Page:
Feature: Tackling classics

Date posted: 25 Jun 2011Author: STC

In an ideal world a big company in a big city would be constantly re-assessing and refracting works from the past; it's one of the core purposes of theatre. Each generation and each artist remodels, re-interprets. It's an important way of breaking bread with the dead (pace Jonathan Miller) and of assessing the way a society or a culture thinks; you can learn a great deal about how militarism or patriotism is felt at a given moment in time by looking at a production of Henry Vfor example. But in order for a play to be both canonical and a theatre classic (which is a different beast to a literary classic) it needs to be known and remembered by a sizeable chunk of any audience on any given night.

In Australia it's very hard to make that assumption about more than a few plays and these tend to be produced repeatedly, partly out of familiarity, partly because of the qualities that made them popular in the first place. Shakespeares that have been interpreted as great works of high humanism since the time of Garrick are privileged over 'problem plays' by the same writer; they are studied for their literary merit, and become literary classics. Part of their status as theatre classics comes from their recognisability as literary classics, the old phenomenon of the audience members in the front row mouthing the lines, which has put off more than a few Hamlets.

So, if you have a theatre culture that is as pathologically addicted to earning massive box office as Australia's professional theatre is, producers will look askance at taking risks. If audiences know and love Twelfth Nightor A Midsummer Night's Dreamthen why have a fresh look at Troilus and Cressidaor All's Well That Ends Well? A prominent leading actor or a distinctive directorial voice is one way to cut through, as Peter Craven points out (in his article for The Australian, read it here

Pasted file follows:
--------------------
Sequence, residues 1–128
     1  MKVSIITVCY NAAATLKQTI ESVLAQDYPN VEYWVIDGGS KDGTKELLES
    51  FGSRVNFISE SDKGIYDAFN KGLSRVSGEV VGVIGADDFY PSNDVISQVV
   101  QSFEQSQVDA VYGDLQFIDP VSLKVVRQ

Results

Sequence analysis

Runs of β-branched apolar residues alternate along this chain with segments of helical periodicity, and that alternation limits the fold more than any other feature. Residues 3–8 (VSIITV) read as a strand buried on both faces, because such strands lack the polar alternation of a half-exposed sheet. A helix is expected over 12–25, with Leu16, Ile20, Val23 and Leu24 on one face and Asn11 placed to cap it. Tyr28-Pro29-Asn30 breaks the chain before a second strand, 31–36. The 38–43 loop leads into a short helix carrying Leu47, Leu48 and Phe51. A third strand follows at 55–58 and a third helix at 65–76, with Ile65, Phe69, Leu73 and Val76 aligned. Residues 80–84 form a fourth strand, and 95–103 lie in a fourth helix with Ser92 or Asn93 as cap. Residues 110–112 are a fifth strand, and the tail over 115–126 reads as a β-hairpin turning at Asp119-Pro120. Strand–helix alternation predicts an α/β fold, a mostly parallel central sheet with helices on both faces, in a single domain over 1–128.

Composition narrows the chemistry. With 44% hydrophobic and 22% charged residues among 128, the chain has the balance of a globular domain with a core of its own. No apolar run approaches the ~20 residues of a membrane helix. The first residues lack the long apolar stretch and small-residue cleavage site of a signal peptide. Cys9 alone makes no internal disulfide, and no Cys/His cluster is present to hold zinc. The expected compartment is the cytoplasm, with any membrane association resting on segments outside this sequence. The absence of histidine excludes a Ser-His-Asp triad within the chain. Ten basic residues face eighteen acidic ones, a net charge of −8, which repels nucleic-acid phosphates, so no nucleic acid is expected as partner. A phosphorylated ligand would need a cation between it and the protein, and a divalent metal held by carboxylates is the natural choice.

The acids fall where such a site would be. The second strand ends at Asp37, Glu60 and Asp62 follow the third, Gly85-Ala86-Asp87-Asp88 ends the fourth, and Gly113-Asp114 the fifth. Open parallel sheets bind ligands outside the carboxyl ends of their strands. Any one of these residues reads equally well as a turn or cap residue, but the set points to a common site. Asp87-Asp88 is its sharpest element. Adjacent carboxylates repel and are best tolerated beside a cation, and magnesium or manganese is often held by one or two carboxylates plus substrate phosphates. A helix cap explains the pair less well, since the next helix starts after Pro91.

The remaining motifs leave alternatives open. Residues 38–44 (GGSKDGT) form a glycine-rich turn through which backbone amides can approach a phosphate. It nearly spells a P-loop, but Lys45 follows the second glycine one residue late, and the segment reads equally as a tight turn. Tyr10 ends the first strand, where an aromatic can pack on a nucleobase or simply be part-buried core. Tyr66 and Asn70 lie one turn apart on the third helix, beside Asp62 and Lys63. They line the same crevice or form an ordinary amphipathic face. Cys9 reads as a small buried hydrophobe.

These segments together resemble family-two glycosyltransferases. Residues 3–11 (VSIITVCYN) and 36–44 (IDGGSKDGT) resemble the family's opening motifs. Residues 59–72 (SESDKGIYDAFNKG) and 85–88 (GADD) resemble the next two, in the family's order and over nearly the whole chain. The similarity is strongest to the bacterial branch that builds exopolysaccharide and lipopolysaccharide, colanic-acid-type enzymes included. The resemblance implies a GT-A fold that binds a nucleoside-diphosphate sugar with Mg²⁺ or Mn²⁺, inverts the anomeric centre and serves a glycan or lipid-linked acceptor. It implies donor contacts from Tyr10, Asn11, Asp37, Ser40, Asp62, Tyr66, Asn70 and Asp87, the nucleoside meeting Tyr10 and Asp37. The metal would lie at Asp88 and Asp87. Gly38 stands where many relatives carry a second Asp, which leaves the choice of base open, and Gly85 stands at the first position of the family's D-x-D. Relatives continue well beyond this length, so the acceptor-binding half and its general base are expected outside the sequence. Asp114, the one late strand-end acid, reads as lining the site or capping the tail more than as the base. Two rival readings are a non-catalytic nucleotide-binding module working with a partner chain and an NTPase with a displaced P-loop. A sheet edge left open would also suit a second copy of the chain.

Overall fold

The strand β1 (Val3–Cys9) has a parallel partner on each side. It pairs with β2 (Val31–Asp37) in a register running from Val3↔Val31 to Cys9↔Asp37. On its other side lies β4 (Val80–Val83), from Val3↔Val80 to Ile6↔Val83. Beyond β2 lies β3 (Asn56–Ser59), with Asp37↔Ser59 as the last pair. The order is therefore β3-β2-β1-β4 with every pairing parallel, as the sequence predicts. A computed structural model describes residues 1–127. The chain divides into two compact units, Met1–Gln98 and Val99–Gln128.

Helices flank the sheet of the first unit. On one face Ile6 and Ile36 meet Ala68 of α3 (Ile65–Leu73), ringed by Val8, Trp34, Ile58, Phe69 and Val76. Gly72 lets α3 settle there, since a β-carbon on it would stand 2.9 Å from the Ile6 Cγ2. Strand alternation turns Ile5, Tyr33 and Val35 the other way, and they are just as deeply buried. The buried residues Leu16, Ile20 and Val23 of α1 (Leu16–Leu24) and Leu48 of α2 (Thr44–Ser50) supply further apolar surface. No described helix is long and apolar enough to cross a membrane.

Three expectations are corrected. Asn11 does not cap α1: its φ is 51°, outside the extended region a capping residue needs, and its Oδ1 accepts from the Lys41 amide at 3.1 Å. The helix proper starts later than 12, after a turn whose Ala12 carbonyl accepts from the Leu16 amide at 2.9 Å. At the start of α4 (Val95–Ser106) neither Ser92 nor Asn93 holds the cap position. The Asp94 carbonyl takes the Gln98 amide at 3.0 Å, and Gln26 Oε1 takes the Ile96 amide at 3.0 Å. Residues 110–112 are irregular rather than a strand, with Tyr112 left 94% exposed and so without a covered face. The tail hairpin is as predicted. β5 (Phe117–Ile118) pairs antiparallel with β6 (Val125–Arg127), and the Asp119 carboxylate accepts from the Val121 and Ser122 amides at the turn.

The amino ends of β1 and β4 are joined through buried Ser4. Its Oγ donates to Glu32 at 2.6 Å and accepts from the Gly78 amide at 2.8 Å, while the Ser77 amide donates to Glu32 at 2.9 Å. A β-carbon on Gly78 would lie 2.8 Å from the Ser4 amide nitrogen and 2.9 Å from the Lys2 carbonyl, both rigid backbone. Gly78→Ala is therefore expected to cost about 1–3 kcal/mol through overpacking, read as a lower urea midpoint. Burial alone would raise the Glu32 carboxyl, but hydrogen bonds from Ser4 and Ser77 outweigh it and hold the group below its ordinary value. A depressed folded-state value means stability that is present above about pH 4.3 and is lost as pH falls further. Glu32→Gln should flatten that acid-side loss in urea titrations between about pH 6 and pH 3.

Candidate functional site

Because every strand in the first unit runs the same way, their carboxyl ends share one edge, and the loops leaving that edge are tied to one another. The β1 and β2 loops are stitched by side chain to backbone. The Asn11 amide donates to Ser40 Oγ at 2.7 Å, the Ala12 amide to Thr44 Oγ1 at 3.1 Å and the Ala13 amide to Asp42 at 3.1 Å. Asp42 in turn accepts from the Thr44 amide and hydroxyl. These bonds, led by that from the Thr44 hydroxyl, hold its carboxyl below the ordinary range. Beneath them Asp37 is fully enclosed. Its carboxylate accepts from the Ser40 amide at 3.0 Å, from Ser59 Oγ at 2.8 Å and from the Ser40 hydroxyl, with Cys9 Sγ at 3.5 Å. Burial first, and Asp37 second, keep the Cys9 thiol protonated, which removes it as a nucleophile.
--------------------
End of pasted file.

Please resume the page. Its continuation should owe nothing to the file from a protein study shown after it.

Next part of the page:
There's more to it though than plays from hundreds of years ago...a dynamic company culture would also be reviving pieces from fifteen years ago or thirty years ago, and in an ideal world (or even a braver one) the mainstage companies of Australia would be consistently reviving Australian plays and seeing how they work in their 'afterlife' (again pace Miller). At STC over the last ten years we've taken new looks at Summer Rain, A Hard God, The One Day of The Year, The Club, The Christian Brothers, Morning Sacrifice, The Removalists, Scenes from a Separation, Don's Party, The Season at Sarsaparilla, Honour...contemporary and 'classic' plays always sit in conversation with each other, both in the experience of their audience and the creative life of artists. They feed on each other.

The breadth of writers, languages (in translation) and eras that an Australian company can present is always circumscribed. Still, whilst it's great to able to see Ibsen, Miller, Shakespeare and Chekhov over and over, it would be fantastic to be able to offer Bulgakov, Strindberg, Marlowe, Calderon, Horvath, Bernhard, Feydeau, Pirandello et al too. Some companies do try to help keep the pool of classics broader, and hopefully deeper too. But in an age where a cast size over seven causes shaky hands, and where audiences like to 'know what they're getting', we have to pick our moments.

Tom Wright
Associate Director, Sydney Theatre Company